If you get feedback (from rejections, reviews, critiques), learn from it. Don’t hesitate to talk to other authors about it. Never give up. If you need to find a sympathetic ear, try another author…they know what you’re going through.

-Be proud of yourself, you have accomplished something great.


  1. The best advice you gave: Be proud of yourself, you have accomplished something great. Why? Because as you listed above: If you've always wanted to write and have put it off, start. So many times, we (people in general) have the desire to start something and never see it through. I'm very guilty of that. I've tried my hand at running my own floral design business more than once and gave up. Writing is the only passion that has engulfed me fully and I will never let go of it. I'm sure of that because I've tried and ran back to it! It's work, lots and lots of work that never ends. But after taking three years to get to the point where I feel I have a novel ready to query (the stage I am in now) I could care less if the big dogs don't want it. Yes I'd be disappointed, but that's not the point. The point is that after nearly 3 years of working, learning, disappointment, and frustration, I did what I feared I'd never be able to do: I completed my first novel and am proud of it. Not only that, I've got my second one written and am outlining the third. The hardest part was learning how to finish the first. Continuing to move forward won't be easy, but it doesn't matter because I AM proud of myself for accomplishing something great! Great post!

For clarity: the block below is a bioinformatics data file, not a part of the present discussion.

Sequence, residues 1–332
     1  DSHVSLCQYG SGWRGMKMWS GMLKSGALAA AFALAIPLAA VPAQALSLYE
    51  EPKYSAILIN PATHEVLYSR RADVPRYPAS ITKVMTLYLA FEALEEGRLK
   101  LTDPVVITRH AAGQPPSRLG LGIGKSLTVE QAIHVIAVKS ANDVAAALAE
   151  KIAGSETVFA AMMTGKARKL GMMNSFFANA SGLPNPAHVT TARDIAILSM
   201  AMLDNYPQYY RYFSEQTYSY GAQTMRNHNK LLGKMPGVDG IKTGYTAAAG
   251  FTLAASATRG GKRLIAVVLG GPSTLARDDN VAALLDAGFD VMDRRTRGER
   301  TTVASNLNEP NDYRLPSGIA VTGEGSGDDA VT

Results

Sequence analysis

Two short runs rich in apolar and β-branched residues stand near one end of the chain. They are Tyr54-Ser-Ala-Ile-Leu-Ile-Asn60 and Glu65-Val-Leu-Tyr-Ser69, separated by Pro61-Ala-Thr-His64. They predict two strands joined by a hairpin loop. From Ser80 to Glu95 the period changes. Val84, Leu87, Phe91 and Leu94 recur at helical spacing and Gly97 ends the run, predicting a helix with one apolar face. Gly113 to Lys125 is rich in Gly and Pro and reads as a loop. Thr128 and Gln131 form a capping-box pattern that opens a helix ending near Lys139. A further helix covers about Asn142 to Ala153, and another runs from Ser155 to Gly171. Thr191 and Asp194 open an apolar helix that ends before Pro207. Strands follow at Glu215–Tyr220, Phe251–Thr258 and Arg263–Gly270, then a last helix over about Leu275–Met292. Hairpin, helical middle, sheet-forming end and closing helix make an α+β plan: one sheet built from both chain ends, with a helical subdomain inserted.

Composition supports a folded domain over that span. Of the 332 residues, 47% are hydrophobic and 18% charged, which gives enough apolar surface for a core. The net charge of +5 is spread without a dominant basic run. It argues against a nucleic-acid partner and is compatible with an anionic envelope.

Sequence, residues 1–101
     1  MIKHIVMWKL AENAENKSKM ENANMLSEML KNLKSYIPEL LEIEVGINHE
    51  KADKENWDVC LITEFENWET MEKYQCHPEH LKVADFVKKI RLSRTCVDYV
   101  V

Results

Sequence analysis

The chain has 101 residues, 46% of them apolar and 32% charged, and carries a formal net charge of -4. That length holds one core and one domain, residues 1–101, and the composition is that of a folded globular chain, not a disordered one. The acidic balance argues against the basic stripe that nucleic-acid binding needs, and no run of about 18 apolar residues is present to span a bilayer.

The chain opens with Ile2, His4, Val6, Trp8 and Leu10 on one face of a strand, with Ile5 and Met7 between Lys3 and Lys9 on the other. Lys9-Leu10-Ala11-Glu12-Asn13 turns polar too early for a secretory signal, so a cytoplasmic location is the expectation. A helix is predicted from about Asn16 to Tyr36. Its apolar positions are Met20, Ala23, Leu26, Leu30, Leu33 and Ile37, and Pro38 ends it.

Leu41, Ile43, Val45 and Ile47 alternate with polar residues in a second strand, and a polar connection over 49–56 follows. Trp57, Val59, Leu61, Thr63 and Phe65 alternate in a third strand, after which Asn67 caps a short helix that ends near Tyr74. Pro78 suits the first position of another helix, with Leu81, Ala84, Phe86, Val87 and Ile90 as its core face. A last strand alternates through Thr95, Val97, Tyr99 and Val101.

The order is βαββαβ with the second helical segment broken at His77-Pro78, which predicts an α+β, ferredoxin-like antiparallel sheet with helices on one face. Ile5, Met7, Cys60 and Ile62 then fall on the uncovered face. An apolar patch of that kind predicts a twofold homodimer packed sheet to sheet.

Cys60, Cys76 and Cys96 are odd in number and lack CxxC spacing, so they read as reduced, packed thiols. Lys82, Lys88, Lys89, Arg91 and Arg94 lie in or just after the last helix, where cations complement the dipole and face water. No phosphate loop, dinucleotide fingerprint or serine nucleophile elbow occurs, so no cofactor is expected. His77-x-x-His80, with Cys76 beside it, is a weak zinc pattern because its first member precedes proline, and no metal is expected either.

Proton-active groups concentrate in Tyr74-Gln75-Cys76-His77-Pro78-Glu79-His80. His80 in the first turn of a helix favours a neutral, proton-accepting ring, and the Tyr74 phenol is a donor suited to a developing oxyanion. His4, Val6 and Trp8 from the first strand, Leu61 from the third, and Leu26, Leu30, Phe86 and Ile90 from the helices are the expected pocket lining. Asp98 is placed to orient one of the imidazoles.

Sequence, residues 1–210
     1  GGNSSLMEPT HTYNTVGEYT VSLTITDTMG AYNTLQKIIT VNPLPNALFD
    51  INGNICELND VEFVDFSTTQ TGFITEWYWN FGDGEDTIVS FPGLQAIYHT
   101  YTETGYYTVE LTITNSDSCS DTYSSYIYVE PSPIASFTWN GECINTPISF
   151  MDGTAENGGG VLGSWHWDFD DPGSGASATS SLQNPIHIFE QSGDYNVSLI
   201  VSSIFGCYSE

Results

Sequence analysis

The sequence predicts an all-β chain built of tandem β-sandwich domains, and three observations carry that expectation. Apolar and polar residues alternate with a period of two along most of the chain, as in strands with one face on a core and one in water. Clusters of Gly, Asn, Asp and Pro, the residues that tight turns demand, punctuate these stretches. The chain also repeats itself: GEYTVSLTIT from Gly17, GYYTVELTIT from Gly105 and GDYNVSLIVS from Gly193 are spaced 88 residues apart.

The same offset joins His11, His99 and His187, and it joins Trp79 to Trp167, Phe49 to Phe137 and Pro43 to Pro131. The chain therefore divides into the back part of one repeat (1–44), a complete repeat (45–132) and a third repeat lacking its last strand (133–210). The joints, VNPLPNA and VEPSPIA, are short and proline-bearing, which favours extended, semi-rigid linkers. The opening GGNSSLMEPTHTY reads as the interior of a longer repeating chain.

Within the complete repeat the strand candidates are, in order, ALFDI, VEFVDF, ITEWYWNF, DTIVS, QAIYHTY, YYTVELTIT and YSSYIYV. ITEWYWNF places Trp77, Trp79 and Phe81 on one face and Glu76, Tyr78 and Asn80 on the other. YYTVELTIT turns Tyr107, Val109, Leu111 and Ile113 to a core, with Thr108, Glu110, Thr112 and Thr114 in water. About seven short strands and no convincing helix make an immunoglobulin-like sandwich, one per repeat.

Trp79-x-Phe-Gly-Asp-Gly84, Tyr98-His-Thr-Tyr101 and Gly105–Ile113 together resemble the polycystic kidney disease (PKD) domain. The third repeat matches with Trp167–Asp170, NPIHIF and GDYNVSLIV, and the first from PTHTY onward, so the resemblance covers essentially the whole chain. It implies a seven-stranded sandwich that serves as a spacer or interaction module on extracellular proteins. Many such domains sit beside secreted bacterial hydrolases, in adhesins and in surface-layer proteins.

2. This a great post about a writer's life. You're right, marketing is a full time job and I've never spent so much time at my computer. One tip I'll add is that, despite the hard work, the ride is thrilling. There's nothing that feels better than reading a comment from someone who enjoyed reading your novel. Also,I've come to meet so many wonderful authors along the way and made great friends.
    I'm especially glad to have met you, Debbie.

  3. This might just be the best advice I've seen for aspiring writers. I'll have to remember all this.
    -Kimberly @ Turning The Pages
    P.S. Thanks for following my blog.

  4. Great post with great advices... Glad that am reader & not a write! ;)

  5. Thanks for the wonderful feedback :o)

  6. Holy noodles on a stick... I didn't know that there WERE 743 publishers to DO the rejections. Now I feel kind of silly.

  7. Hi Debbie. I love this post! It's so incredibly true. I have also just had my first book released: Jan. 2012. And like you, thought my job was done and ready to have a break before writing book 2 in this series. Well, then we start to learn about the never-ending marketing job. I spend at least 25 hours a week working on marketing. Seven months ago I didn't even know what a blog was, now, I have
    3 blogs. Book 2 in my series is being published now, and I'm trying to write book 3 in between marketing book 1, editing book 2, and a full time job and a part time job. Yes, the literary world is
    not for the faint of heart. I wish you the best of luck with your book!
    Diane Mae Robinson, Award Winning Author, Sir Princess Petra - The Pen Pieyu Adventures (book 1)